Short bio: Computer Scientist, FOSS supporter (read more)
Tux Machines (TM)-specific
Is the LG Chromebase too much like an iMac? And will Apple sue because of it?
This is the second review that I'm doing at the moment. Linux Mint 16 "Petra" came out in MATE and Cinnamon guises recently, so as a fan of Linux Mint, I'll be reviewing those now. I tried each edition separately on a live USB made with UnetBootin. Follow the jump to see what each is like.
The MDM display manager was introduced for the release of Linux Mint 13. Though MDM was forked from GDM, the list of features is far more extensive. This display manager supports different greeters, each with their own stylish set of themes. I wanted to show off some of these awesome themes, so here they are for your enjoyment.
I recognize at least 5 of the voices in the video: Jim Zemlin, Richard Stallman, Eben Upton, Mark Shuttleworth and of course Linus Torvalds.
It's been a long time coming, but the Fedora 20 "Heisenbug" release brings ARM to equal status in Fedora with x86 and x86_64 releases. The Fedora 20 release, out just more than a month after the 10th anniversary of the first Fedora release, now boasts ARM as a primary architecture.
It's not the first release to actually support ARM, but prior to Fedora 20 the ARM support was not considered a blocker for release or necessarily going to receive updates at the same time as its x86/x86_64 brethren.
Red Hat, an icon of open source business, reported $397 million as total revenue for the quarter. It’s an increase of 15% in U.S. dollars from the year ago quarter.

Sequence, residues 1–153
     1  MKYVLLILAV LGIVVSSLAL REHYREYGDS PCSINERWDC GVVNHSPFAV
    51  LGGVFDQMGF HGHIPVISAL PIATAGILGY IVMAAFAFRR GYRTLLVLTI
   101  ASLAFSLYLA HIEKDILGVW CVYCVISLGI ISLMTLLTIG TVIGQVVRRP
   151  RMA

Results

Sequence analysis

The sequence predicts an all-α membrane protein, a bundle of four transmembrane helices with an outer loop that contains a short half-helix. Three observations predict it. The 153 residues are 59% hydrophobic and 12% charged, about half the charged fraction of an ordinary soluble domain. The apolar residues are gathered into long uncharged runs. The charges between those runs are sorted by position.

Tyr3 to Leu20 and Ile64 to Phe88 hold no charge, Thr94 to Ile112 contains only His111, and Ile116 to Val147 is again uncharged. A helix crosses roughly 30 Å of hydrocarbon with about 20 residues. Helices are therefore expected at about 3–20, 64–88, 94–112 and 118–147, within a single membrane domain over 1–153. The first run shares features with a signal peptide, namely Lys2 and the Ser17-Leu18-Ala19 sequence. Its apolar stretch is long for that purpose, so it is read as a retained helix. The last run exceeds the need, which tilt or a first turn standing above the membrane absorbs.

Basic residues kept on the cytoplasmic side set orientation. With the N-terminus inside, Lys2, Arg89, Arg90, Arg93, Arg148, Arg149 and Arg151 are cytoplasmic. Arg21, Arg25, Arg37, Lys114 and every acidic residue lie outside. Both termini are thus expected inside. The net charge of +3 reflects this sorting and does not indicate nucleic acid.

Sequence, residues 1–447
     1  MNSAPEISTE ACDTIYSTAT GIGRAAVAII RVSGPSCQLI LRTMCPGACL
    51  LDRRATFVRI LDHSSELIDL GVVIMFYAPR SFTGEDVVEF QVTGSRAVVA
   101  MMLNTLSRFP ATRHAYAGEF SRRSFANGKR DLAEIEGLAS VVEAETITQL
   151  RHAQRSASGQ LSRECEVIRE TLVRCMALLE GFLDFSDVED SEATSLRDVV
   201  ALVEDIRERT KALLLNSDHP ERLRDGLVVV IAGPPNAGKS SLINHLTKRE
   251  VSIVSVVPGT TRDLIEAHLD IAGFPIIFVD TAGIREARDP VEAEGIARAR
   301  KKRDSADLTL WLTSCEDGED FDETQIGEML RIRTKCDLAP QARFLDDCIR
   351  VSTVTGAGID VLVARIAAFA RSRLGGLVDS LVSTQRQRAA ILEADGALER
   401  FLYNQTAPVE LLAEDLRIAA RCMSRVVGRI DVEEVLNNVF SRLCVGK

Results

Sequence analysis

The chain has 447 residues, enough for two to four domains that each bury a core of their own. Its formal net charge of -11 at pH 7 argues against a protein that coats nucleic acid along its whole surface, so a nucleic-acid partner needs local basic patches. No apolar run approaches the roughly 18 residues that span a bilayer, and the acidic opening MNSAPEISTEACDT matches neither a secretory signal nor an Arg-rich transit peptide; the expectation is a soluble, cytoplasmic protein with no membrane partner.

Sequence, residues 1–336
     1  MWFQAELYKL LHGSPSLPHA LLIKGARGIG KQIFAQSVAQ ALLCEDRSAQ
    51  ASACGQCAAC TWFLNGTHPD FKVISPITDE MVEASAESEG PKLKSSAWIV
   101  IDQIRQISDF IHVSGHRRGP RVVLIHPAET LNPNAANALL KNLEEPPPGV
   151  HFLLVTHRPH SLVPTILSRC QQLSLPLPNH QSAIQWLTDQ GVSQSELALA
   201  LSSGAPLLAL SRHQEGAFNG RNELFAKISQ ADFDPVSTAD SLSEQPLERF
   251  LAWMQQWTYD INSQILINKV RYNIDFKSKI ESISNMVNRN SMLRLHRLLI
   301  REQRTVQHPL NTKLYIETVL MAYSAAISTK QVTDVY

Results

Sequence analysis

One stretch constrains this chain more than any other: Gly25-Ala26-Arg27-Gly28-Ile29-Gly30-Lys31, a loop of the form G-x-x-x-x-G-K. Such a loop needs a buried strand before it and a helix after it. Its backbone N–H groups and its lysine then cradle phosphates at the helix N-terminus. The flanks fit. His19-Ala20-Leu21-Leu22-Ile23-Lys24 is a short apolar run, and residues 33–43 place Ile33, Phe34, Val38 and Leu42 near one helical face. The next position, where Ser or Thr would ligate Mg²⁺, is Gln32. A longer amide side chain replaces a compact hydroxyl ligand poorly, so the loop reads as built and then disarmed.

With a recent proclamation by Mark Shuttleworth that an “interesting set of household brands' are looking at putting Ubuntu Touch on their own phones and tablets,” the mobile landscape has become quite interesting. Prior to this, it seemed like the Ubuntu Phone was having serious issues gaining any traction with major brands. However, with Ubuntu 14.04 placing a major focus on honing the Ubuntu tablet experience, things are going to get interesting.
Android, as a platform, is one of the fastest growing on the planet. It is available on smartphones and a series of different tablet sizes. Most devices also include a full spectrum of sensors that are available to programs you install, so it's a very inviting platform for development. The usual workflow involves installing a development environment on some other machine, either a Windows or Linux desktop or laptop. You then do all of your code writing, compiling and debugging there before you actually copy it and install it onto your Android device.
What’s the latest status on all those cool embedded Linux and Android Kickstarter and Indiegogo projects of 2013? Most are moving forward, but delays are a common problem.
As with each release, installation images for the major desktop environments, hardware platforms, and the Cloud, are accounted for.
Aside from installation images for the GNOME 3 desktop, which is the main edition, installation images for KDE, MATE, LXDE and Xfce desktops are also available. Fans of the Cinnamon and E17 desktops have to install them from the bfo, DVD, netinstall CD image or from an existing installation of Fedora.
With the end of the year quickly approaching, at Phoronix I have been re-testing all of the Linux graphics drivers to see how the performance has changed in 2013 and the features added/removed over the calendar year. I've been doing these annual Linux driver yearly recaps going back to 2005 when Linux GPU drivers were in their infancy compared to Windows. Yesterday I started with the NVIDIA 2013 Linux Year-In-Review of their first-rate binary driver while today I have some performance tests done for Intel's latest-generation Haswell graphics hardware.
Linux never fulfilled its original promise as an old-school desktop operating system. But its everywhere in 2013, driven by a vibrant community.
Linux Mint 13 “Maya” users can now avail Cinnamon 2.0 goodness. Linux Mint Debian Edition (LMDE) users will receive a major upgrade known as Update Pack 8, in January 2014.
Red Hat claims that its "enterprise-ready solution combines the stability of Red Hat Enterprise Linux (RHEL) with the innovation inherent in Red Hat OpenStack technologies to deliver a scalable and secure foundation for building an open private or public cloud."